Are you a high-tech horse owner? Or does the thought of apps and data analysis send you running for cover?

There are opportunities out there in technoland that we should all appreciate. Gait analysis has been a vital tool for our Olympic equine athletes as well as “ordinary” riders who want the best for and from their horses.

I spent a fascinating day watching a combined gait analysis and saddle-fitting clinic. Sticky markers were applied to a horse’s joints and a camera 25 times faster than the human eye measured his gaits and identified any deviations, such as one hindlimb flexing less than its partner.

Rider analysis, using a special jacket and the same cameras, was equally absorbing. No rider is symmetrical, and it cheered me up no end to learn that I have the same problem/bad habit as a top Olympic rider – but learning to correct the problem and remember how it feels for you and your horse when you get it right is a great motivation.

When gait analysis was combined with saddle fitting, you could see how a slight tweak could make a big difference. It also showed that a “favourite” saddle might not be doing a horse or rider any favours.

You may also see benefits from a headcollar that is safe to leave on a horse overnight and which monitors his vital signs, adapting to his normal patterns and sending an alert if these change beyond an acceptable level. It was invented by an owner whose horse died from colic; even if someone lives on site, there are occasions when signs of distress might not be spotted until it’s too late.

There are apps galore for your mobile phone, from ones which track your hacking route to some I can’t appreciate. For instance, I won’t be asking Santa for headphones which fit inside an ear bonnet and play music from my mobile playlist into my horse’s ears. In case you’re wondering, I did check that this information wasn’t released on 1 April.

The idea is that it distracts a nervous horse, but how do you know you’re not distressing him further? And I don’t just mean inflicting a dedicated Abba playlist.

Some high-tech applications are just the same old things we’ve always done, in a different format. I know when the vet and farrier are due and when I need to arrange worm egg counts, because I have these quaint-old fashioned things called a calendar and a diary. I can also set my phone to remind me, should I need to, so I don’t need to pay for a special horse owner’s app.

As an oldie who had to learn about technology rather than grow up with it, I’ve learned that it’s as good as the people who develop and apply it. The brilliant saddle fitter who worked with gait analysis combined his skills with the information it provided and the data was recorded and analysed by someone who is also a rider and trainer.

Technology can’t work alone, but in the right hands, it’s awesome. It can’t tell you how to ride, worm and feed your horse, but it can provide information that helps you make decisions and corrections.

At the end of the day, the responsibility rests with you. And if you have a favourite app – or even if you’re a total technophobe – we’d love to hear from you.

The honourable all-rounder

Are you and your horse all-rounders – and proud of it? Or do you confess, in an embarrassed sort of way, that you “just do a bit of everything”?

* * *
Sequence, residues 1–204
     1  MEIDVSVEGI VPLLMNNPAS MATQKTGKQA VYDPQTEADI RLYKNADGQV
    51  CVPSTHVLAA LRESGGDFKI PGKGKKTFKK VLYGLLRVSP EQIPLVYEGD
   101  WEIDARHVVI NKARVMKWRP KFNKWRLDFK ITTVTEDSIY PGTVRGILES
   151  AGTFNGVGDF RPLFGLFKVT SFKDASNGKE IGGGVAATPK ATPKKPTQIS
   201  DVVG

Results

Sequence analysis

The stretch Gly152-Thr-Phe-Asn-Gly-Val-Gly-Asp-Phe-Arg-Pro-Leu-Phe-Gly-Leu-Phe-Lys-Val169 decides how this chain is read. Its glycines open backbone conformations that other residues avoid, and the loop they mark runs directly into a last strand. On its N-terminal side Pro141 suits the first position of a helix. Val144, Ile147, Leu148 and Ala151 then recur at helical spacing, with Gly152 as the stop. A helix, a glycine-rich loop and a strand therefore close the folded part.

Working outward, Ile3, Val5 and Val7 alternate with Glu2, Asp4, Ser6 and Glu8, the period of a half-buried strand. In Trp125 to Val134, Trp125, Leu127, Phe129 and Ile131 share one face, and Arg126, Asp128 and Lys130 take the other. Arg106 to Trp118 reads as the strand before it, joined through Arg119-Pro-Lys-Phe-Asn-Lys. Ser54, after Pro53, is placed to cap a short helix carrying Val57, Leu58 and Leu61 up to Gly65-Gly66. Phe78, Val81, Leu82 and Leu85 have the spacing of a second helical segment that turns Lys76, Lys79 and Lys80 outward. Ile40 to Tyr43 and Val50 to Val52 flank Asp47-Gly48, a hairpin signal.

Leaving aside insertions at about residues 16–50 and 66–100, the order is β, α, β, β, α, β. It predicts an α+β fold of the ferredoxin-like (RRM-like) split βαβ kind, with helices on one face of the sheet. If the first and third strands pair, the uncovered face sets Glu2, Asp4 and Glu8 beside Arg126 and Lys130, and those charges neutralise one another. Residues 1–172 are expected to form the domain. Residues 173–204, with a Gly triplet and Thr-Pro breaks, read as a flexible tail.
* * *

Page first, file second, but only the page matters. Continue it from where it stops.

Riders are so eager to specialise that being an all-rounder has acquired a tinge of being second-best. I’ve even heard it used in a derogatory way, along the lines of the old saying: “Jack of all trades, master of none.”

While it’s great that young riders can develop a passion for a discipline, they and their parents should remember that pyramids are built on broad bases. If you don’t have a good grounding in all-round horsemanship and riding, you won’t make it as a dressage, showing or showjumping star.

I don’t mean that youngsters who show a natural talent shouldn’t be nurtured. This summer, I watched a friend’s ten-year-old with a natural eye for a stride produce a fabulous flowing showjumping round over a tricky course. She dreams of being a professional showjumper and maybe, one day, she’ll achieve that.

The thing is, she was at Pony Club camp. That week, she and her pony had flatwork lessons, enjoyed gymkhana practice – where she cheerfully admitted she was “rubbish” – and tackled a small cross-country course.

Another friend revels in new challenges. Her latest venture has been to try barrel racing on her ex-showjumper, and they ended up in the rosettes – just as they do when competing in dressage and showjumping.

Surely it isn’t a coincidence that horses and ponies who have varied lifestyles seem to be the happiest, or that many riders who are at the top of their game insist on their horses having time out from their specialities to go hacking, work over poles and so on.

And where do you see so many examples of horses with their ears pricked, enjoying every moment? You’ve guessed: eventing. There will always be riders who equate the dressage phase to swimming with sharks, or wince at the thought of the showjumping poles clattering down, but they still love the challenge of this ultimate test of all-round ability.

A horse who can do everything at riding club or Pony Club level is a joy and a treasure. A rider who can do the same has every right to be proud.

So don’t put yourself down or let anyone assume that an all-rounder is inferior to a specialist. Tell yourself – and everyone else – that one-trick ponies aren’t necessarily the best.